Thai protesters agree to leave summit site

A leader of anti-government protesters in Thailand says demonstrators will leave the venue of a weekend summit of Asian leaders, easing concerns that the meeting might have to be canceled.

Some 2,000 protesters had gathered outside the hotel complex to call for the resignation of the country's prime minister.

Protest leader Arisman Pongreungrong says they have agreed to leave the site for now and unblock roads leading to the venue but will regroup in Pattaya, a few miles (kilometers) away.

He says the protesters will discuss whether to return Saturday if their conditions are not met.

Shortly after he spoke, the demonstrators began retreating.

Hoping it would be easier to control the demonstrations with fewer people in Bangkok, Prime Minister Abhisit Vejjajiva announced a national holiday late on Thursday after taxi drivers began blocking major intersections in the sprawling capital.

Thailand already had a holiday scheduled from 13-15 April, when many rural anti-government protesters who have flooded into Bangkok were expected to go home. Media said Abhisit hoped the extra day would help take the heat out of the protests.

One aim was to unclog the capital, where traffic was worse than what passes for normal on Thursday after taxi drivers joined red-shirted supporters of former premier Thaksin Shinawatra in their push for Abhisit's resignation.

The pro-Thaksin Union Front for Democracy against Dictatorship (UDD) had said the protests would end, temporarily at least, by the weekend, but it hardened its tone earlier today.

"This fight will end only when the 'red shirts' win or the government wins," one UDD leader, Jatuporn Prompan, told a news conference in Bangkok.

Abhisit said in a televised address on Thursday he wanted to ease the inconvenience to the public caused by the protests, and make it easier to identify troublemakers.

He said he would not give in to demands to step down made by Thaksin, ousted in a military coup in 2006.

Thaksin, a telecommunications billionaire, lives in self-imposed exile, but his absence has not healed the divisions between the royalist, military and business elite, who say he was corrupt, and the poor who benefited from his populist policies.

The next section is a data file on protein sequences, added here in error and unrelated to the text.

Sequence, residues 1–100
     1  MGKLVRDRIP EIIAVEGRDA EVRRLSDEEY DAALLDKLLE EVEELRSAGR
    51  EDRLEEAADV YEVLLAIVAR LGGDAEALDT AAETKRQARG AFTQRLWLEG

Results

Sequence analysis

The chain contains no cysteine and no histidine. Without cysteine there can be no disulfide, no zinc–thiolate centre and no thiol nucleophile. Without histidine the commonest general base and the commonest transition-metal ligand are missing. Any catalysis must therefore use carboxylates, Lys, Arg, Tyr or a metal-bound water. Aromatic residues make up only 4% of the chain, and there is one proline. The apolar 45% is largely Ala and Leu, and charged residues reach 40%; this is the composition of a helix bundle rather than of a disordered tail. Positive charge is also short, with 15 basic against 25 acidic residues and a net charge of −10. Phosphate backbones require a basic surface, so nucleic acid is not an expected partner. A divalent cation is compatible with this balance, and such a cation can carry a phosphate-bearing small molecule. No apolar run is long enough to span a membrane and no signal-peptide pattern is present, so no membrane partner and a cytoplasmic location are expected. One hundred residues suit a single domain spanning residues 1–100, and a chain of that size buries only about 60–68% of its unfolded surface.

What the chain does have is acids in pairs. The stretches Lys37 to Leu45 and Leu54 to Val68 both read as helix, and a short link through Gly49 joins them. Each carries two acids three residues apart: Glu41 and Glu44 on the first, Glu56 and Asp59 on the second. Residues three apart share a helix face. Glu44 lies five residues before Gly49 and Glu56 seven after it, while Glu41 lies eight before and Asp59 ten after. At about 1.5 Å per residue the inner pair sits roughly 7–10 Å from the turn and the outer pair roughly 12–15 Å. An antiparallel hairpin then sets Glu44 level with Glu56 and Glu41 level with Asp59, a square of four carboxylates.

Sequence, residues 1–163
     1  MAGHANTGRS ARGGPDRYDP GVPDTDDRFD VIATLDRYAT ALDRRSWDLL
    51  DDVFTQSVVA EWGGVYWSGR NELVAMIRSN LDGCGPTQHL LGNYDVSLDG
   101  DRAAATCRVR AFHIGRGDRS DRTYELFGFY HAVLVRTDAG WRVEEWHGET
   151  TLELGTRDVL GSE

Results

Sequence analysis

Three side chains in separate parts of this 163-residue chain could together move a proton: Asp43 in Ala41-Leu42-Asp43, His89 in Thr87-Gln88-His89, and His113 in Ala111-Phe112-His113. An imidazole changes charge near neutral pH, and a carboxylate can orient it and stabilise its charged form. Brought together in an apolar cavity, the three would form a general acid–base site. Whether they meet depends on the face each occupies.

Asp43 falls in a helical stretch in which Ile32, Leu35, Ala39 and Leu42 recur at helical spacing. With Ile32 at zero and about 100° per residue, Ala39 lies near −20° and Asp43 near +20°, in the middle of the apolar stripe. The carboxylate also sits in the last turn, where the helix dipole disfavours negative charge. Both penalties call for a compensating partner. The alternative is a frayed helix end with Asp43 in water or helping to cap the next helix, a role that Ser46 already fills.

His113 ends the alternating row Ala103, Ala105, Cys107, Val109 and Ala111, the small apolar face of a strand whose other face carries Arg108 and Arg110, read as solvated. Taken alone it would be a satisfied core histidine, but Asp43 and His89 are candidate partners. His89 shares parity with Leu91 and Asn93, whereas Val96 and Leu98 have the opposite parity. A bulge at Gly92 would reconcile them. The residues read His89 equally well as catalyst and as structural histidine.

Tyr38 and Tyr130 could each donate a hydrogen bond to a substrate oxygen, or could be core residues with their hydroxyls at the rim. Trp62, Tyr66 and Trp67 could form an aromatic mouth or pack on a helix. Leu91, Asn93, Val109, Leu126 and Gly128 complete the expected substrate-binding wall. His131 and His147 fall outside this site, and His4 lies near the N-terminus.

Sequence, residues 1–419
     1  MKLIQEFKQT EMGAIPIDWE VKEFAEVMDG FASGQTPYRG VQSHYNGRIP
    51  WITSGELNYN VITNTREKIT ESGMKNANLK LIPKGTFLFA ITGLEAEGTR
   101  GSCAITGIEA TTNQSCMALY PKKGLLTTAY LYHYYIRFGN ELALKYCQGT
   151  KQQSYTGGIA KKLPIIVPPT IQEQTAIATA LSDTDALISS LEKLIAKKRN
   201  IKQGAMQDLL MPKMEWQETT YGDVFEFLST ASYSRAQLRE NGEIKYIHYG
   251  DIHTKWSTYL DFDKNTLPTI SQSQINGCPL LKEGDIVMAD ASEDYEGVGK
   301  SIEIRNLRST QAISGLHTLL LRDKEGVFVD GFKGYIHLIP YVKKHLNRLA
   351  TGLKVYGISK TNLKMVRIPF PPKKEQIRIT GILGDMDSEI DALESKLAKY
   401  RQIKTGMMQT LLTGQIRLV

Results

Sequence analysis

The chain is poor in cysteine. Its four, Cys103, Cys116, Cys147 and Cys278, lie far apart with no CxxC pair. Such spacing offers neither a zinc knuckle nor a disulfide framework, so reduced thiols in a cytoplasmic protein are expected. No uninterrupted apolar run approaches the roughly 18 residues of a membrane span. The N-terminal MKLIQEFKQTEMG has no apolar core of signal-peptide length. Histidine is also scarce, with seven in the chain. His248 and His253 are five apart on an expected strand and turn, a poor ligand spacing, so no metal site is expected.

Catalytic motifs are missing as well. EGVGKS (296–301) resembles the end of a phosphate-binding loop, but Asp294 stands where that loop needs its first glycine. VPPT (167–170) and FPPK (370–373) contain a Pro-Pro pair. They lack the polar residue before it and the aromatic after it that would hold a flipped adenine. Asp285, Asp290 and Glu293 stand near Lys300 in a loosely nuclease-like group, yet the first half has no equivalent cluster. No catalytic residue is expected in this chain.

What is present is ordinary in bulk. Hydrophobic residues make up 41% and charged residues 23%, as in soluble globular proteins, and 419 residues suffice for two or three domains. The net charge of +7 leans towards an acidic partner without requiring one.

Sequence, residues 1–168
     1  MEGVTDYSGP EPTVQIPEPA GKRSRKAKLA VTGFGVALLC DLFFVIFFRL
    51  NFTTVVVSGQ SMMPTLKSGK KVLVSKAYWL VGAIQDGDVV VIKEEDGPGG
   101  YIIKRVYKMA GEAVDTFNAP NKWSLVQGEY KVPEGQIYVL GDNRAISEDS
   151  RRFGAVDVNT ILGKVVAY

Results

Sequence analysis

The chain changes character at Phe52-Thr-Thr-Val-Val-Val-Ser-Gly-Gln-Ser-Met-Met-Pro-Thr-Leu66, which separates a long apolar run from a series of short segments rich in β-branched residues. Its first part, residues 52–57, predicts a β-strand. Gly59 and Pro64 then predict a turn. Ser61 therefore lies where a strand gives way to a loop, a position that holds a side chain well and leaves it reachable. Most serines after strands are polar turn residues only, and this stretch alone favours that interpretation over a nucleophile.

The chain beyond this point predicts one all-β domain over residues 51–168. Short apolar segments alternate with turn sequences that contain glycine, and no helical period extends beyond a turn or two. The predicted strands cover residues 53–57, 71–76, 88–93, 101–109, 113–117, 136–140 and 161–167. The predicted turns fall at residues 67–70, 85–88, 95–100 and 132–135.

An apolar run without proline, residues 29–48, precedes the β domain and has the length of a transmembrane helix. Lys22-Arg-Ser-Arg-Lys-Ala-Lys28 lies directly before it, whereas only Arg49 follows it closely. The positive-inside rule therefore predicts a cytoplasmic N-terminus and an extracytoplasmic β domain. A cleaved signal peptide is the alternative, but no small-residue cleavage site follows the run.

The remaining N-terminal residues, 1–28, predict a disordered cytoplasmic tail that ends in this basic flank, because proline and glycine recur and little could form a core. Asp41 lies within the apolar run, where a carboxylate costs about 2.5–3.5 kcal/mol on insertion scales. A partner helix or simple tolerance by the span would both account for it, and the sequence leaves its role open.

For the government, one immediate priority was security at a summit of 16 Asian leaders gathering on Friday in Pattaya, a resort town 150 km (90 miles) southeast of Bangkok.

Any violence played out in front of the television cameras at the summit could scare off foreign investors, who have only recently dipped back into the Thai stock market.

Despite the holiday, financial markets opened as usual on Friday. The stock market followed Wall Street higher at first, then turned lower, with investors worried about how the protests might develop over the break.

"If things become disrupted, that will seriously affect investment sentiment," said Sukit Udomsirikul, a senior analyst with Siam City Securities.

The summit was cancelled last year because of political unrest when a pro-Thaksin government was in power. Abhisit's administration has billed the rescheduled event as a sign that Thailand was returning to normal.

Several thousand demonstrators turned up in Pattaya and easily pushed through several checkpoints before halting just outside the hotel where the summit is being held.

For the most part, the protests remained peaceful. One group of "red shirts" who had blocked Silom Road in Bangkok turned and ran when some women came out of an office block and shouted abuse at them. They left behind a red flag that the women burned.

The mass protest began on Wednesday, with 100,000 people in a sea of red around Abhisit's office at Government House.

On Friday the early numbers were put by police at no more than 5,000. Some protesters had moved to other focus points, including Victory Monument, a landmark that is also one of the busiest road junctions in the capital.

Around 1,000 protesters were at the intersection on Friday, erecting tents to provide shelter. UDD leaders said they might move back to Government House later in the day, but only if there was no attack on their people in Pattaya.

Suraphon Pangkaew, a 55-year-old from Chonburi in the east, said he didn't care what Abhisit had said because he was not the legitimate leader - a constant refrain from Thaksin supporters.

Abhisit became premier in December, after a pro-Thaksin government was dismissed by the courts, and was elected by parliament with the help of defectors from the Thaksin camp.

"They said they want to enforce the law upon us. They didn't do that with PAD, so this is unfair," Suraphon said.

PAD - the People's Alliance for Democracy - waged a street campaign for months to undermine successive pro-Thaksin governments last year. It closed down Bangkok's two main airports for a week in late 2008, devastating the tourism industry.